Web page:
The rank badges were adapted from the Chinese Dynasties and featured the heavenly creatures. The creatures changed throughout Joseon Dynasty. The royal family would use the emblems known as bo, for instance yongbo or the dragon insignia.

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Kirin rank badge on Rin aka Grand Prince Wolgwang’s robe

The rank badges were first introduced to Joseon during Danjong’s reign, but the arrangement changed throughout the dynasty:

Rank Rank badge
Danjong’s reign
Grand Prince, daegun (대군) – legitimate sons of the king A Kirin (기린)
Commander of the Palace Guards, dotongsa (도통사) A lion, saja (사자)
Jegun (제군) – illegitimate sons of the king A Baektaek, (백택) – like a lion
Civil officials of the 1st rank A pair of peacocks, gongjak (공작)
Civil officials of the 2nd rank A pair of wild geese and clouds, unan (운안)
Civil officials of the 3rd rank A pair of silver pheasants, baekhan (백한)
Military officials of the 1st & 2nd rank A pair of tiger-leopard, hopyo (호표)
Military officials of the 3rd rank A bear-leopard, ungpyo (웅표)
Inspector General, daesaheon (대사헌) A haechi (해치) – or haetae
Yeongjo’s reign
Civil officials of the 1st to 3rd rank A pair of cranes and clouds, unhak (운학)
Civil officials of the 3rd to 9th rank A pair of silver pheasants, baekhan (백한)
Military officials of the 1st to 3rd rank A pair of tiger-leopard, hopyo (호표)
Military officials of the 3rd to 9th rank A bear, ungbi (웅비)
Gojong’s reign
Civil officials of the 1st to 3rd rank A pair of cranes, ssanghak (쌍학)
Civil officials of the 3rd to 9th rank A crane, danhak (단학)
Military officials of the 1st to 3rd rank A pair of hopyo, ssangpyo (쌍표)
Military officials of the 3rd to 9th rank A hopyo, danpyo (단표)

Yungbok (융복) and Gugunbok (구군복)

When the king or the officials had to leave the palace for official trips such as visiting the tombs and for wartime travels, they would be wearing an attire known as yungbok (융복). It was also worn by the government officials when they made trips to the neighbouring countries as envoys. The main component of yungbok was cheollik (철릭), the topcoat with pleated lower part to make way for easier movement.

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Crown Prince Sohyun wearing a blue cheollik with dragon emblems and jeonrip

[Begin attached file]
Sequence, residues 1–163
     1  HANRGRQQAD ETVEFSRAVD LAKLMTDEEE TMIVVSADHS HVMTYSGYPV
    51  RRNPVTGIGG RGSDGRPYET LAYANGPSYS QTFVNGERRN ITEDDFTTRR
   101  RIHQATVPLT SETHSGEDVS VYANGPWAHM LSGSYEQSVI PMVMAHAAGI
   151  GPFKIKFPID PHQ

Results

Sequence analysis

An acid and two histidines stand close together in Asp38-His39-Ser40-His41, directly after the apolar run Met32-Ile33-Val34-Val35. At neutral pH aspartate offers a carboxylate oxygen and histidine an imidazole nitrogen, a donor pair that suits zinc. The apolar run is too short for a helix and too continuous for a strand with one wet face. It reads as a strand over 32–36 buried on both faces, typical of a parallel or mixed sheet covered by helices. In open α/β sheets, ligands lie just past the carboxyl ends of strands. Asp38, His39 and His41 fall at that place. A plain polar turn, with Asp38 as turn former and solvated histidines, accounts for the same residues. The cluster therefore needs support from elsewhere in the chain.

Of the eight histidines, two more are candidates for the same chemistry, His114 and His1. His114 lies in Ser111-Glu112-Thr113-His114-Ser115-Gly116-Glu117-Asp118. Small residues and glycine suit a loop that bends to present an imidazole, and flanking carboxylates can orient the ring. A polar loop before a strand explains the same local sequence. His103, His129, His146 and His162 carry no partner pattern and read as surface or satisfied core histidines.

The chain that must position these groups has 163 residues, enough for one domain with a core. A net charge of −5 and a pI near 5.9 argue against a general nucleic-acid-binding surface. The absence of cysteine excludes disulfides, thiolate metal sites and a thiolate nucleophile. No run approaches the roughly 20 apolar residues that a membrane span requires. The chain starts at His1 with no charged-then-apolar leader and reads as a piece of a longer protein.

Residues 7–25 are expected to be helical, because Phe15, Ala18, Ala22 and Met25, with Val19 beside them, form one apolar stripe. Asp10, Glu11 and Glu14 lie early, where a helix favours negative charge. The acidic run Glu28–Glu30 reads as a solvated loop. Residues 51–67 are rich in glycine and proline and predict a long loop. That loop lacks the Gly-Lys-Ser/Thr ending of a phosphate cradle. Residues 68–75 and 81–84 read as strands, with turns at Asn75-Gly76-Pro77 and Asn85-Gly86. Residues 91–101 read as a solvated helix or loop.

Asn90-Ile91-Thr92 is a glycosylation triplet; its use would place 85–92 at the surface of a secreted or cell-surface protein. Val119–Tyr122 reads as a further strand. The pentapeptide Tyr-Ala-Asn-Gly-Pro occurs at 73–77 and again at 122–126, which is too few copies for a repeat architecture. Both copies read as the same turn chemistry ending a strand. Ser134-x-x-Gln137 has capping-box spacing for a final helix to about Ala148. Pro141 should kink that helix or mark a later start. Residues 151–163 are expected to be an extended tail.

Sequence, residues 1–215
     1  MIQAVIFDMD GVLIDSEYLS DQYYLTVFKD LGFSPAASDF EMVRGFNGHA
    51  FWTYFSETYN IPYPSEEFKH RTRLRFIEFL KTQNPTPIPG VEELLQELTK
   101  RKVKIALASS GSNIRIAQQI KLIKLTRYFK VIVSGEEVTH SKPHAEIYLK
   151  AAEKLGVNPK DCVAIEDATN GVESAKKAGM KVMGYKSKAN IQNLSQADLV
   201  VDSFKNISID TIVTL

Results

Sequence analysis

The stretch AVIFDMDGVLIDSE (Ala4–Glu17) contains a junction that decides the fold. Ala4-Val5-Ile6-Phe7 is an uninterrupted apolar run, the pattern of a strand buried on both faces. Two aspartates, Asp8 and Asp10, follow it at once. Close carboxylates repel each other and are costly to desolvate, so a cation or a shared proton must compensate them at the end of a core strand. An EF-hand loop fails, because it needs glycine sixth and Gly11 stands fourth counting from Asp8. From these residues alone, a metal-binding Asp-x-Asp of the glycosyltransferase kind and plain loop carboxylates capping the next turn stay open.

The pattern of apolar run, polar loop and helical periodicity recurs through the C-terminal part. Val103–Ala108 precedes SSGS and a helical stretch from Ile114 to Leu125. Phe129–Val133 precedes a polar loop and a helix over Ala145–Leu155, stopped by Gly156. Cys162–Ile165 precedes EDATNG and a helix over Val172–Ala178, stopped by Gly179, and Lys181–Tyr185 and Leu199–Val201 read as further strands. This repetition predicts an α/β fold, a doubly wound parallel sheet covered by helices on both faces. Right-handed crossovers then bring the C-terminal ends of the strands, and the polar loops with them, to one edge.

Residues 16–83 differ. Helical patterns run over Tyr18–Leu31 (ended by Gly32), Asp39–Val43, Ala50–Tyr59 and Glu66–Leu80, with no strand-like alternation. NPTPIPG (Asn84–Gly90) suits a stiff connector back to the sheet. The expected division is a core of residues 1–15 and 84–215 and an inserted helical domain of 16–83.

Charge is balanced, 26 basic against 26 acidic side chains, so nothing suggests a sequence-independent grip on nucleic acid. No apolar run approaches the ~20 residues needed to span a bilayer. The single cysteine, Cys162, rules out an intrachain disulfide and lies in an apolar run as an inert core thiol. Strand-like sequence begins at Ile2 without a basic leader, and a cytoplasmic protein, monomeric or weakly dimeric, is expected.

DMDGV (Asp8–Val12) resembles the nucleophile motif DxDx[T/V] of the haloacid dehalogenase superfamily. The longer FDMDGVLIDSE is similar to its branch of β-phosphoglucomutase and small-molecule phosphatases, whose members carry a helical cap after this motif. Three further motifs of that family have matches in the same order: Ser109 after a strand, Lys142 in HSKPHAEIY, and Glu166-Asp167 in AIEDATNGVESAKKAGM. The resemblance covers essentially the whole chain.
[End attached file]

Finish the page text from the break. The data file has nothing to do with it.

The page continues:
The king would wear red, the crown prince blue, the higher officials or dangsanggwan (당사관) dark blue, and lower officials danghagwan (당하관) bluish black. The attire was paired with a type of waist belt with tasseled ends known as gwangdahoe (광다회). Heukrip (흑립), a black hat, and the boots hwa were also worn together with yungbok.

There was also military uniform being used, known as gugunbok (구군복). Dongdari (동달이), the inner garment, had different colour of fabric attached as the sleeves. The main part would usually made from yellow silk while the sleeves were red. On top of of dongdari, jeonbok (전복), a long outer sleeveless military robe with slits on both sides and the back for easy movement, was worn. Instead of the usual strings used to secure the flaps and openings of the garments, gugunbok‘s garments made use of the knot buttons to secure them, as there would be a lot of movements and the knot buttons would ensure the clothes to be tight at all time. Jeonbok had the knot buttons on the front. For the king and the crown prince, yongbo would be sewn on the jeonbok just like on the gonryongpo. Gwangdae (광대), the waist belt, also had knot buttons. It was made of silk with various embroideries. The ordinary military uniform worn by the military officials would only use a basic jeondae, which is basically gwangdae minus the embroidered detail.

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Jeonbok with yongbo and the embroidered belt, gwangdae, as worn by Jeongjo

A long blue cloth belt known as jeondae (전대) was tied on top of gwangdae. It had pointed ends and the ends would be visible on the front after being tied. The boots hwa were worn together with this outfit.  Jeonrip (전립) was the headgear paired with the military uniform. Also known as morip (모립), it was a wide brimmed black hat with a hemisphere top. For the royalties, the hat would be adorned with peacock feathers, tassels, dragon jade disc on the front, and hat strings made from precious stones, paeyeong (패영). The military officials would have their jeonrip decorated according to their ranks.

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Eun-oh was a local magistrate and his clothes were a toned down version of what a king would wear: yellow dongdari with red sleeves, jeonbok, and jeonrip